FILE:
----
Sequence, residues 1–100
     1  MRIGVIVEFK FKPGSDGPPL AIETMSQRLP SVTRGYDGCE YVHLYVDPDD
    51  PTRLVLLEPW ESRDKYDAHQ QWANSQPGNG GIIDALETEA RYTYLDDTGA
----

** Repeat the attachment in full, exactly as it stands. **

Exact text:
Sequence, residues 1–100
     1  MRIGVIVEFK FKPGSDGPPL AIETMSQRLP SVTRGYDGCE YVHLYVDPDD
    51  PTRLVLLEPW ESRDKYDAHQ QWANSQPGNG GIIDALETEA RYTYLDDTGA